Mitigation of a project’s environmental impacts is one of the “most important” functions of CEQA. (Sierra Club v. Gilroy City Council (1990) 222 Cal.App.3d 30, 41.) Therefore, it is the “policy of the state that public agencies should not approve projects as proposed if there are feasible alternatives or feasible mitigation measures which will avoid or substantially lessen the significant environmental effects of such projects.” (Pub. Res. Code § 21002.)
The ADEIR does not comply with these legal duties and instead relies upon the false conclusion that the Project will not result in significant GHG impacts. While the ADEIR rightly acknowledges the GHG impacts of “timber removal” (ADEIR at Table 4.7-1), the ADEIR claims a credit in GHG emissions from “retention of 15.24 acres of Oak woodland” and “planting 1,000 conifer seedlings.” (ADEIR at Table 4.7-1.) Because the ADEIR states that some trees will be retained and some seeds will be planted, the ADEIR concludes that the GHG impacts are not significant. (Id.) The ADEIR relies upon the illusory the “mitigation” of preserving some of the onsite forest and planting seedlings in order to get under the SMAQMD construction emissions threshold of significance of 1,100 MT CO2E. (Id.) Without this illusory mitigation, the Project’s emissions would be well above threshold of significance.
There are no legal authorities indicating that an applicant’s choice to (a) refrain from destroying all trees on a property and (b) plant seedlings amounts to a reduction in GHG emissions. Such purported GHG emissions reductions also are illusory because the ADEIR fails (See Higgins Letter at p. 10.) to demonstrate that these reductions comply with CARB’s Compliance Protocol for U.S. Forest Projects (the “CARB Protocol”). The CARB Protocol sets forth offset protocol standards to reduce or prevent GHG emissions through increasing and/or conserving forest carbon stocks.
     The ADEIR also fails to analyze whether the Project is consistent with CARB’s Scoping Plan and CDFFP’s 2008 Strategic Plan and Report to the California Air Resources Board on Meeting AB 32’s Forestry Sector Targets (the “Strategic Plan”).7 The Strategic Plan sets forth CARB’s “No Net Loss” target for the forest sector, and provides that the California Department of Forestry and Fire Protection (“CDFFP”) will develop a plan to “maintain current sequestration levels in a forest environment that is at risk of losses from land-use change . . . .”8 (Id. at 1.)
The ADEIR does not explain how the destruction of approximately 34 acres of trees is consistent with the state policy of maintaining current sequestration levels in forests that are at risk to losses from land use changes.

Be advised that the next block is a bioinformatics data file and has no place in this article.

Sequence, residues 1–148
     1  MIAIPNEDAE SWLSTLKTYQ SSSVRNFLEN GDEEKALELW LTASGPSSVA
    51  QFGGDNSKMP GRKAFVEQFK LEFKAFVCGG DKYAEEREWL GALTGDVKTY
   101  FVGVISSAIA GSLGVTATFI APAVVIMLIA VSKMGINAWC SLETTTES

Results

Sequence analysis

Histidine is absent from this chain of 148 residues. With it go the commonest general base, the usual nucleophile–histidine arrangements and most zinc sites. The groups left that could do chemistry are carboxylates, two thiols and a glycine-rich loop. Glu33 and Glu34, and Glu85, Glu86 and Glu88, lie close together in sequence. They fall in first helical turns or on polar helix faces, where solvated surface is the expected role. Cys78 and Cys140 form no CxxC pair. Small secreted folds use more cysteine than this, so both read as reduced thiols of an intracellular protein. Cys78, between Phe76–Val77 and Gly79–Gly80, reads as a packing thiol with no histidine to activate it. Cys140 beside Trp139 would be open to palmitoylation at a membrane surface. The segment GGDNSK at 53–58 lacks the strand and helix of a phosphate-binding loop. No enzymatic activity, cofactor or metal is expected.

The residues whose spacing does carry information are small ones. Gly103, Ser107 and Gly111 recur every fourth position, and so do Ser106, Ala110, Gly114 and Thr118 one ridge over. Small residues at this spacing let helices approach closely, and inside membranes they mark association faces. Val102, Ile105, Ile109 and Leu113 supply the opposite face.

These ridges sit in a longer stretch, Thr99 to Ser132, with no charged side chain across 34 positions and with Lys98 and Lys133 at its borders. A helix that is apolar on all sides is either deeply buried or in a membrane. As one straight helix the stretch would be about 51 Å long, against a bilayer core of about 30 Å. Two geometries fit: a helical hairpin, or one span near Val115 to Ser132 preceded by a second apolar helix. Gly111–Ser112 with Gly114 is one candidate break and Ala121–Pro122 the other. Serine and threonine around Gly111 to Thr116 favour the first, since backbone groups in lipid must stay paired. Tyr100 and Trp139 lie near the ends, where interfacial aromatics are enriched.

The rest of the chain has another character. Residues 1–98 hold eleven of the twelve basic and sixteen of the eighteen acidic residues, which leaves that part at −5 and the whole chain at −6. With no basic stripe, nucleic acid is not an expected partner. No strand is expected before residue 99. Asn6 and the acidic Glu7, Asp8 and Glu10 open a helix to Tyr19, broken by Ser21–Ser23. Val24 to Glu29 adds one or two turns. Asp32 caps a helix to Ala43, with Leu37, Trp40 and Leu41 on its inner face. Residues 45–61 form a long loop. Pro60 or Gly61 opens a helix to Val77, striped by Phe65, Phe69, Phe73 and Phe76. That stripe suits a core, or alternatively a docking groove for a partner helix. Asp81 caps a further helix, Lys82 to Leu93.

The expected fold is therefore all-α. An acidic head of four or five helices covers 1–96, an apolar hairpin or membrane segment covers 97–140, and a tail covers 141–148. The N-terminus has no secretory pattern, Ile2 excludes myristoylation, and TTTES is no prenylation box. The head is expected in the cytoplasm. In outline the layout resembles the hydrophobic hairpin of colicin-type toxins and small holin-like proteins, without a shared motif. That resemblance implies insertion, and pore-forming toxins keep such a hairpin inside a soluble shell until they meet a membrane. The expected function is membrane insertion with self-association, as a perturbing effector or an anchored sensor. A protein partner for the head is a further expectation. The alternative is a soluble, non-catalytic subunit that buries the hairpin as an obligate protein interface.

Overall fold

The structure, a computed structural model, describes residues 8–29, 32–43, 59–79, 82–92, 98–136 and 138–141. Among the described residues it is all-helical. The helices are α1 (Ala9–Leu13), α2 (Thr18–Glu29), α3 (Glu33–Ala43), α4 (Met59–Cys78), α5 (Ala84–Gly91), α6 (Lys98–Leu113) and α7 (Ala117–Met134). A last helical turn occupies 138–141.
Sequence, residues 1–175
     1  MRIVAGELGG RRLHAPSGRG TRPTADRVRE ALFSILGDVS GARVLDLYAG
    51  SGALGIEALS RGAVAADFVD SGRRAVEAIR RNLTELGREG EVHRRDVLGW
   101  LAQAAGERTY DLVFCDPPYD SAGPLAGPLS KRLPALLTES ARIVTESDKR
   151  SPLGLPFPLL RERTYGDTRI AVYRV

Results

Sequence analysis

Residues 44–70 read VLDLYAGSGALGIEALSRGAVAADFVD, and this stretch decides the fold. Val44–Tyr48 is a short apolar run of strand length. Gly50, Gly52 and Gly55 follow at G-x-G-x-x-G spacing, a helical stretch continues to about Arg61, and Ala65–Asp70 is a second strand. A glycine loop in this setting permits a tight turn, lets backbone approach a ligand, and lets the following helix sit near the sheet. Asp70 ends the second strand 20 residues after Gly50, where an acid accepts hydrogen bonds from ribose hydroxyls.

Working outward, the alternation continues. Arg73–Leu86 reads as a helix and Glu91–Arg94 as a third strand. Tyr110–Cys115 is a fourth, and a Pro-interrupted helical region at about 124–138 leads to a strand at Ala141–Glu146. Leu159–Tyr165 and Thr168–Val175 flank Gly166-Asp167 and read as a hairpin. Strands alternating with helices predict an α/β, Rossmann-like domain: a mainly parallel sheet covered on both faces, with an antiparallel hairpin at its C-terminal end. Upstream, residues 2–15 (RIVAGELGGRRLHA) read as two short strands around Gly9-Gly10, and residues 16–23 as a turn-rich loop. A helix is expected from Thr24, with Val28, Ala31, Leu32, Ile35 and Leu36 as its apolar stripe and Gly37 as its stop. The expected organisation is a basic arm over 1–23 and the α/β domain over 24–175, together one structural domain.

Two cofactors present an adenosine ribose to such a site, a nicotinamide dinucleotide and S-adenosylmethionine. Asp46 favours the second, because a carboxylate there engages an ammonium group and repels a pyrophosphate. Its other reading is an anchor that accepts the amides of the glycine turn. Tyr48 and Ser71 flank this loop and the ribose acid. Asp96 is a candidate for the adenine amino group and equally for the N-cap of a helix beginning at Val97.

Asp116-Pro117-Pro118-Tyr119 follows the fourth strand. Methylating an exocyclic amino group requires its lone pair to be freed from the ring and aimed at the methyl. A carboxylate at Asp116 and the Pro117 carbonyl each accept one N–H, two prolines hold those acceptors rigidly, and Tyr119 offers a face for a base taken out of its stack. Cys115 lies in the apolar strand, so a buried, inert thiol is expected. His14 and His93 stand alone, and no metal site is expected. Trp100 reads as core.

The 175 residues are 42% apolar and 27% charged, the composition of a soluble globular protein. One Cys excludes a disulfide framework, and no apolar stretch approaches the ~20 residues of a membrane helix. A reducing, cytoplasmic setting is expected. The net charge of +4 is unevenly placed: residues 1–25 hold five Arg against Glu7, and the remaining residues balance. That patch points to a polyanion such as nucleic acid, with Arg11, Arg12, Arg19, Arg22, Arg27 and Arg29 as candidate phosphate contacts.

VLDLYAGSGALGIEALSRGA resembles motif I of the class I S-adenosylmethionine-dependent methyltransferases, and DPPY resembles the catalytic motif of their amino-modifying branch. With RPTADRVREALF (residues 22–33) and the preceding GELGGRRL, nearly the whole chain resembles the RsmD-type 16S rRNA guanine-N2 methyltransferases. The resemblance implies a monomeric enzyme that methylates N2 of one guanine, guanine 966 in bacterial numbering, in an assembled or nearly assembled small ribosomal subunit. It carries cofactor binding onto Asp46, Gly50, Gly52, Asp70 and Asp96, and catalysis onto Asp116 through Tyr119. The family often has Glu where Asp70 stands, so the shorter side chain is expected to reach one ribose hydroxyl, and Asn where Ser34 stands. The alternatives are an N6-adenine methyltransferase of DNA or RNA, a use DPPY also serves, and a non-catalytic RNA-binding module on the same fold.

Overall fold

Because the ADEIR wrongly concludes that the Project will not result in significant GHG impacts, the ADEIR concludes that absolutely no mitigation is required. (ADEIR at 4.7-11.)
The ADEIR cannot claim impacts are not significant merely because they are planting some seeds. These seeds will take many decades to mature into trees that have significant carbon sequestration benefits, and there is no guarantee that all (or even most) will survive.

     VIII. The ADEIR does not Accurately Disclose or Mitigate the Project’s Impacts on Forests.
     Related to the GHG analysis is the ADEIR’s failure to accurately describe the extent of impacts on forest resources. The ADEIR repeatedly states that approximately 32 acres of forests would be “harvested” for the vineyard. (ADEIR at 1-3 & 2-2.) The forests impacted include 17.43 acres of douglas fir, 7.52 acres of mixed oak alliance, and 9.19 acres of mixed manzanita . (ADEIR at 4.4-16.) These numbers equal 34.14 total acres, not 32 acres. While this is a fairly minor difference in reported acreage, the ADEIR later states that the Project would only harvest “20.5 acres of tree canopy.” (ADEIR at 4.9-21.) 20.5 acres is significantly different from 34.14 acres. The ADEIR fails its purpose as an informational document because it contains contradictory figures regarding the number of acres to be impacted.
     More importantly, the ADEIR appears to violate the “60/40 Rule.” As set forth in the ADEIR, the 60/40 Rule requires the retention of a minimum of 60 percent of the tree canopy cover and a minimum of 40 percent of the shrub, brush, and associated annual and perennial herbaceous vegetation within sensitive domestic supply watersheds. (ADEIR at 4.9-20.) The ADEIR states that the property is subject to the 60/40 Rule and that based upon aerial surveys (California Air Resources Board, “Compliance Offset Protocol for U.S. Forest Projects,” (Nov. 14, 2014) (available at  CARB Protocol See California Department of Forestry and Fire Protection, “2008 Strategic Plan and Report to the California Air Resources Board on Meeting AB 32’s Forestry Sector Targets,” (Oct. 17, 2008) (available at [hereinafter “Strategic Plan”]. 
 Strategic Plan showing 57.45 acres of tree canopy on the property, “22.98 acres of trees may be removed from the property.” (Id.) However, as noted above, the ADEIR repeatedly states that at 32 acres of trees will be removed (and elsewhere the ADEIR indicates that 34.14 acres of trees will be removed). Such activities violate the “60/40 Rule.” Accordingly, the ADEIR is incorrect in concluding that the Project does not have a significant impact on forests and that no mitigation is required.
     IX. The ADEIR does not Accurately Disclose or Analyze The Cumulative Impacts of the Project.